Monday, August 27, 2018

Officials: Job Corps not helping create job-ready workers

Though it has some notable success stories, a program started in 1964 to train mostly rural and urban high-school students and dropouts to learn trades is "incapable of meeting the demands of a national shortage of job-ready workers" according to those familiar with it, Glenn Thrush reports for The New York Times.

Labor secretaries since the Reagan era have been promising to reform Job Corps, which has a $1.7 billion annual budget. The Labor Department's inspector general said in April that "Job Corps could not demonstrate beneficial job training outcomes," and Labor Secretary Alexander Acosta told Thrush the program needs "fundamental reform."

About 50,000 students enroll every year, and each student costs taxpayers $15,000 to $45,000. President Trump attempted to cut funding for the program but was unsuccessful, partially because of the program's broad bipartisan support.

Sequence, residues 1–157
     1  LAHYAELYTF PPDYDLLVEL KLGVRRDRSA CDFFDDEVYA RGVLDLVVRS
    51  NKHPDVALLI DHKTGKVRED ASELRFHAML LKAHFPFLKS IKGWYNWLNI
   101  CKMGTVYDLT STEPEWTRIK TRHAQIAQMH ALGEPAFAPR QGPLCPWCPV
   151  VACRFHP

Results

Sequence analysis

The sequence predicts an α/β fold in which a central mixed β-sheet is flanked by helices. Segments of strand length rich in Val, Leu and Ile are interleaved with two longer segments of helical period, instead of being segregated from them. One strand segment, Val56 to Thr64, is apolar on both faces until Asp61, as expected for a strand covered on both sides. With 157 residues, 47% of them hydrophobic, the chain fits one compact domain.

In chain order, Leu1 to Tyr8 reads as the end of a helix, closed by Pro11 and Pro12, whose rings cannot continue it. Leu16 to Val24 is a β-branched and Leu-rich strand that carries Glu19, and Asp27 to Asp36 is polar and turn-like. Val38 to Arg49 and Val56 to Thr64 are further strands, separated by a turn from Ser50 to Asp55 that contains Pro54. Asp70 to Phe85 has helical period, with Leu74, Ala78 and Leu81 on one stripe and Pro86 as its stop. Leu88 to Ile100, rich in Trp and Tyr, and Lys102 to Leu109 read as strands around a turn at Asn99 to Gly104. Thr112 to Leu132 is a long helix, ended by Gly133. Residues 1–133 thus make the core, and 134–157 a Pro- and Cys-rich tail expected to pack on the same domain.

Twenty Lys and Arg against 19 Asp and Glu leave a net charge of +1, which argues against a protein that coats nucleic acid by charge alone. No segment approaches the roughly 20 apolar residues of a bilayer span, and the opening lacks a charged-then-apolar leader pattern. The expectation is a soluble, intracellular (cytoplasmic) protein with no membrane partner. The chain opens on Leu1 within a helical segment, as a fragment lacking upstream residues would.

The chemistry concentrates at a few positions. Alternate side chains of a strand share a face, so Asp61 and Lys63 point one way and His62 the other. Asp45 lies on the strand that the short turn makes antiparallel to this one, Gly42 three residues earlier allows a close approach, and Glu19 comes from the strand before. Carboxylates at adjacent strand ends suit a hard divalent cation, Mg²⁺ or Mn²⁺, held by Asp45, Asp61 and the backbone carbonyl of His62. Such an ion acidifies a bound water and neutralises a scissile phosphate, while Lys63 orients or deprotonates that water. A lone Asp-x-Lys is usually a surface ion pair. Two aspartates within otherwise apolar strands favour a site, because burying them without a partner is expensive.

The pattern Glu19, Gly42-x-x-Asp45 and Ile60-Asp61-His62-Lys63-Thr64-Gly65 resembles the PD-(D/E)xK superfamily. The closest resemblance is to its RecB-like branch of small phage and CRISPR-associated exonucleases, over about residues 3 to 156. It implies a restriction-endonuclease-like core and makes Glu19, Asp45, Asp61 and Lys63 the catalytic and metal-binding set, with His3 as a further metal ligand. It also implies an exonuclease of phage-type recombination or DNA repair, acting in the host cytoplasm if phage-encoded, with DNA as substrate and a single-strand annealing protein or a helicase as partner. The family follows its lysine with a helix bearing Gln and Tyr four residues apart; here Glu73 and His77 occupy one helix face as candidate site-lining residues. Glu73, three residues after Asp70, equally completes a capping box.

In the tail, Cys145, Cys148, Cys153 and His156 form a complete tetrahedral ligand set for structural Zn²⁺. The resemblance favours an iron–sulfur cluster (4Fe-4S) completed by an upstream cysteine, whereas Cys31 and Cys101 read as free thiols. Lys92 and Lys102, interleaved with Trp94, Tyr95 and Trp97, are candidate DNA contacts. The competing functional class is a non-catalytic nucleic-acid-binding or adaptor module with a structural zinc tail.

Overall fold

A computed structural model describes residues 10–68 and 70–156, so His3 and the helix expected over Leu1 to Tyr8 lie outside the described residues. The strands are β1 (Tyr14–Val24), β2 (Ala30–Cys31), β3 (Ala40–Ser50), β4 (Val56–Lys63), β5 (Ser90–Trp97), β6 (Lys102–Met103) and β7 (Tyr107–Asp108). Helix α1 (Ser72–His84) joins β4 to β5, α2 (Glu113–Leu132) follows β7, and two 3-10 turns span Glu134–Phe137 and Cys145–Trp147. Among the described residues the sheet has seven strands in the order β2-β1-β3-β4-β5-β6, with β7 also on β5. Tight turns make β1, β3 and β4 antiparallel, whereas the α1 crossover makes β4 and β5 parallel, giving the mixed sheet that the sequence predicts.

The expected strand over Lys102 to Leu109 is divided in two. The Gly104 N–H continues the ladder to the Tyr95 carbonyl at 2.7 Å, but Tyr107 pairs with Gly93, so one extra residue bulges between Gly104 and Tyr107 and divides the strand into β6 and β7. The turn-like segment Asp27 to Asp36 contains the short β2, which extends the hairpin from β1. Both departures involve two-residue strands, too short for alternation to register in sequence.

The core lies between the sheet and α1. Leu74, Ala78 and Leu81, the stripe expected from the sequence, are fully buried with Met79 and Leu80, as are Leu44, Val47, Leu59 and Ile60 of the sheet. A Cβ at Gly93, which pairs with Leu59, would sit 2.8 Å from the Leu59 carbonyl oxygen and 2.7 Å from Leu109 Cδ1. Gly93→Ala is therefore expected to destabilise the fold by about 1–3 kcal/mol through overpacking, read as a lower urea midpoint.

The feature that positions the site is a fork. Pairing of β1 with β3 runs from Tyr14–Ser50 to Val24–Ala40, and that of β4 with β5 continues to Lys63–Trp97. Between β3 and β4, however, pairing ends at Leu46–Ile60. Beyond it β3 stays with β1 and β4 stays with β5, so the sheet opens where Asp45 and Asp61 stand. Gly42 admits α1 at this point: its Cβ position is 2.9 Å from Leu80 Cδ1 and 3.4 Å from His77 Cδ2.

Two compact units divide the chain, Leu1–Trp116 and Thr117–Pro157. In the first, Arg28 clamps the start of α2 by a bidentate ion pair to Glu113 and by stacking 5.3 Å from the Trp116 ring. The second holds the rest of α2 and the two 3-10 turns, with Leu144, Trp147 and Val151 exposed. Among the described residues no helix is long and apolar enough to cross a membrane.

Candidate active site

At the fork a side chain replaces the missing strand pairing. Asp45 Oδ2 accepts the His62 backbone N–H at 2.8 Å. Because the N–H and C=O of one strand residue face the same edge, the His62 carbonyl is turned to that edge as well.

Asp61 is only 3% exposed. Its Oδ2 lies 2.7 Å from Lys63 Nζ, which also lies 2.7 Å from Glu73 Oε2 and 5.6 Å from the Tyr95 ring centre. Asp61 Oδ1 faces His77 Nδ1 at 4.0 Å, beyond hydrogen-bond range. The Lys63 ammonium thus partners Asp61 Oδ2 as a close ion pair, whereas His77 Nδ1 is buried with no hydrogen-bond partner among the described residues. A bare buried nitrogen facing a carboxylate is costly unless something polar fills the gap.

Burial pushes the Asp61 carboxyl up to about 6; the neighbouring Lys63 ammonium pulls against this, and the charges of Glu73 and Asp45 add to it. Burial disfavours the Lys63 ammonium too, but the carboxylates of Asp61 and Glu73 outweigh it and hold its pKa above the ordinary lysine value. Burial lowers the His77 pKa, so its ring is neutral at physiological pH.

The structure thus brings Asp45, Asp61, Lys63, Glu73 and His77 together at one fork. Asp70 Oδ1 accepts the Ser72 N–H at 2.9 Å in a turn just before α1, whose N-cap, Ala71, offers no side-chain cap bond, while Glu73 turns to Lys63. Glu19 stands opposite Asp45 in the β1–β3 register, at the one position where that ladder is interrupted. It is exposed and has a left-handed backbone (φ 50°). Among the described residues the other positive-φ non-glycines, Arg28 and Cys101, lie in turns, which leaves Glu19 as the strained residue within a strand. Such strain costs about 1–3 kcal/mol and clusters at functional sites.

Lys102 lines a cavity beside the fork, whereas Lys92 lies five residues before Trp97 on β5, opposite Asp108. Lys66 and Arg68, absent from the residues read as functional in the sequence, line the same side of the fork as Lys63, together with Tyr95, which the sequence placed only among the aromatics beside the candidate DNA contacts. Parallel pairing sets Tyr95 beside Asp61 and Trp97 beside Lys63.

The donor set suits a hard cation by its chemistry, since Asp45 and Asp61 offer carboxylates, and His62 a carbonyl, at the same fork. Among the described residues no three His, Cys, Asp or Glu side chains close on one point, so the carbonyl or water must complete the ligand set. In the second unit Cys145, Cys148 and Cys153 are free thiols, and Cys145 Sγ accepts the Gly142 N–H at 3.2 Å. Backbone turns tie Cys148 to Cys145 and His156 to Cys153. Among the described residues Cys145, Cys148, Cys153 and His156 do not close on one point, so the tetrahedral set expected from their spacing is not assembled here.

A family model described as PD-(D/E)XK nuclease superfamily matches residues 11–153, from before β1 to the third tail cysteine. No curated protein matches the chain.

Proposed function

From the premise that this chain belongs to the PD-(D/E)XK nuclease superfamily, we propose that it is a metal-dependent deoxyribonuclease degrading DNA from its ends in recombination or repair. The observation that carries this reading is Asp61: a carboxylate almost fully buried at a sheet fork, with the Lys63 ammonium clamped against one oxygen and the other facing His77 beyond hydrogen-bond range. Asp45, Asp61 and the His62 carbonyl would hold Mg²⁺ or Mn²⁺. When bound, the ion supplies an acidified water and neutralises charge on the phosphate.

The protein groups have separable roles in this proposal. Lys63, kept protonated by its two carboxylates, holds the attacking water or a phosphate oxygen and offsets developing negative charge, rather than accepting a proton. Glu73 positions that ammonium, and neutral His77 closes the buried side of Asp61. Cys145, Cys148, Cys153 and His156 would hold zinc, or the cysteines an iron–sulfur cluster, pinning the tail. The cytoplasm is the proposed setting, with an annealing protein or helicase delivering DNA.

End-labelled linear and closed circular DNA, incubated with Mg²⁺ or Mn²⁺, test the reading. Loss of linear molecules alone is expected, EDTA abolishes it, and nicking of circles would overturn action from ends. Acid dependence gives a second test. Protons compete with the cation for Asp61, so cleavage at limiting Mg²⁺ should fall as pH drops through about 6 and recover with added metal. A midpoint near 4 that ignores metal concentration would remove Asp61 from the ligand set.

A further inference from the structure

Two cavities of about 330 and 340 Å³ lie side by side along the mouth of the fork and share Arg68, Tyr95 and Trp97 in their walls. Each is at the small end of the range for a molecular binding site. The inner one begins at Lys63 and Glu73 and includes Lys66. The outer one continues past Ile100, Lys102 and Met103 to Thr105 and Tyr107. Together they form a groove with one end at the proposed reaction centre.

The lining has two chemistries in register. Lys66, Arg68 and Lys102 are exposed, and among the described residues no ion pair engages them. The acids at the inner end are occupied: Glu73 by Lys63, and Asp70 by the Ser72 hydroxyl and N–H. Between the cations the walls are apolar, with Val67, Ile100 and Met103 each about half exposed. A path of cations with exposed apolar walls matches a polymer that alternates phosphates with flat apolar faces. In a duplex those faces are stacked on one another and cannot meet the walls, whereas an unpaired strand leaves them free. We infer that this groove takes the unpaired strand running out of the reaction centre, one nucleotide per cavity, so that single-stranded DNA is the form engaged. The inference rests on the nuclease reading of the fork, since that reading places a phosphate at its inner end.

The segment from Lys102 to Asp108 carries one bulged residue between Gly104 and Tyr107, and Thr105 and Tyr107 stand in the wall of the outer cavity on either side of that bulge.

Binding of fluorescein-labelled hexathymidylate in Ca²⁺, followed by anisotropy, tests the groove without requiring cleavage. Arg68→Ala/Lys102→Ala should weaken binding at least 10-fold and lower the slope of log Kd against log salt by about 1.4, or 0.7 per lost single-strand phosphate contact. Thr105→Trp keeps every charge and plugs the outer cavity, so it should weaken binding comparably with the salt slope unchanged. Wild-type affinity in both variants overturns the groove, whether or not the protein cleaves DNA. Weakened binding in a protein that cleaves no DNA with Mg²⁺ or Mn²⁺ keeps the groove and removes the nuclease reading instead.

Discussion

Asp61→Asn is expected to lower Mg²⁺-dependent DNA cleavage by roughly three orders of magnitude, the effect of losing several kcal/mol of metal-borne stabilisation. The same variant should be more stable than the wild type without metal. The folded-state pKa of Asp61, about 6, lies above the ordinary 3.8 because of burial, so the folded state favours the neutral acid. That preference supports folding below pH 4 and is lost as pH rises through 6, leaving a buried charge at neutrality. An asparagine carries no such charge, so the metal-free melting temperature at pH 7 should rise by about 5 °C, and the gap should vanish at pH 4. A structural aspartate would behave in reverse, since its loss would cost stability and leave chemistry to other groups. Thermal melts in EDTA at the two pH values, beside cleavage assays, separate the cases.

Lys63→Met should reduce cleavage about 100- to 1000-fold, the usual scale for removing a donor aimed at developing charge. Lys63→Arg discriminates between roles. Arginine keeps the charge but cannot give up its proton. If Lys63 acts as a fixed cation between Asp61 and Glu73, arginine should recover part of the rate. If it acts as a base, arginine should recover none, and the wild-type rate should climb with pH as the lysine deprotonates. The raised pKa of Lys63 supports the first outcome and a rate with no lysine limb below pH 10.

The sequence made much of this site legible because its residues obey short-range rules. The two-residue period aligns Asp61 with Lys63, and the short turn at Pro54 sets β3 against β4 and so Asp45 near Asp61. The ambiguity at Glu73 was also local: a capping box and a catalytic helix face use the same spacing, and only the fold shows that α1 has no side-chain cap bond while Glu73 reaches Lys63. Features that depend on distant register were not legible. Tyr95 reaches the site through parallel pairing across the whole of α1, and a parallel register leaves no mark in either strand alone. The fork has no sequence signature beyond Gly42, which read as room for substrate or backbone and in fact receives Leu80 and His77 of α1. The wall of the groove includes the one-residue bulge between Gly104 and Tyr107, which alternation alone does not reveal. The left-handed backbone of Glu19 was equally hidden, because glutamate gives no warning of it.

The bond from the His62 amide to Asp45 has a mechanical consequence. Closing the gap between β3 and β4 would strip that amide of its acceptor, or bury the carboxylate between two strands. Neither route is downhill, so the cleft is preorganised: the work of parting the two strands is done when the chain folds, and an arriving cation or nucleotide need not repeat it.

"Progressives see it as an enduring commitment to the poor rooted in a golden age of liberalism. Conservative lawmakers support Job Corps because it encourages low-income young people to work hard," Thrush writes. "The website for the trade association of Job Corps contractors is plastered with pictures of smiling politicians from both parties. The centerpiece is a snapshot of Senator Mitch McConnell, Republican of Kentucky and the majority leader, hugging a Job Corps student in Morganfield — one of seven centers in his home state. During the Obama administration, budget officials floated the idea of shuttering a handful of the lowest-performing centers, according to former aides. The idea ran into immediate resistance from members of Congress in both parties. In the end, officials succeeded in closing only three, two of them underutilized rural forestry service sites in Arkansas and Oklahoma."

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